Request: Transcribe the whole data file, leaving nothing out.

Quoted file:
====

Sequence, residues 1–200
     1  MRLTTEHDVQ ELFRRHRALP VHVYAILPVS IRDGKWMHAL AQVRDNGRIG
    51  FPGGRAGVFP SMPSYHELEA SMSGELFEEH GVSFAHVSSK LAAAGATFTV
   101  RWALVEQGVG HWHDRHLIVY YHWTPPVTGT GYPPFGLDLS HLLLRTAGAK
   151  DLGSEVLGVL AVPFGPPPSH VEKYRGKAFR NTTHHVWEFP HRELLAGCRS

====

Sequence, residues 1–200
     1  MRLTTEHDVQ ELFRRHRALP VHVYAILPVS IRDGKWMHAL AQVRDNGRIG
    51  FPGGRAGVFP SMPSYHELEA SMSGELFEEH GVSFAHVSSK LAAAGATFTV
   101  RWALVEQGVG HWHDRHLIVY YHWTPPVTGT GYPPFGLDLS HLLLRTAGAK
   151  DLGSEVLGVL AVPFGPPPSH VEKYRGKAFR NTTHHVWEFP HRELLAGCRS